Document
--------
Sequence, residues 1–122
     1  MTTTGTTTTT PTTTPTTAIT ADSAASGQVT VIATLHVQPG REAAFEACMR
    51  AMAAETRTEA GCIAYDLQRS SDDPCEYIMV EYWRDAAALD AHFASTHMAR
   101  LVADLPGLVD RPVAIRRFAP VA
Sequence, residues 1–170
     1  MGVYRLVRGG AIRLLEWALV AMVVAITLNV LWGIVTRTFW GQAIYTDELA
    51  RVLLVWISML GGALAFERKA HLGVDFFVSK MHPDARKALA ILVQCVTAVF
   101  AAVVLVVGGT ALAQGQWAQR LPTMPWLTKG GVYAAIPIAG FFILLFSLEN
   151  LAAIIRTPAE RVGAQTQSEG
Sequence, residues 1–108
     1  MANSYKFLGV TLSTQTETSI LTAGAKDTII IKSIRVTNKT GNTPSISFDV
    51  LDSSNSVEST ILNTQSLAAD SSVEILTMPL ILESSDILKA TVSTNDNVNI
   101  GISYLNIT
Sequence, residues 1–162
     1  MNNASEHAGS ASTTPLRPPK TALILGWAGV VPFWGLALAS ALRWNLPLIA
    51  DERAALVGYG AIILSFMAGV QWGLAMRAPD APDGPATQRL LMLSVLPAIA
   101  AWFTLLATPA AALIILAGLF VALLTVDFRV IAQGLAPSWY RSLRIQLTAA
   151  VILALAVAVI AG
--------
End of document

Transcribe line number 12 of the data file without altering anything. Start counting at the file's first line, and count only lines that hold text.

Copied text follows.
    51  LDSSNSVEST ILNTQSLAAD SSVEILTMPL ILESSDILKA TVSTNDNVNI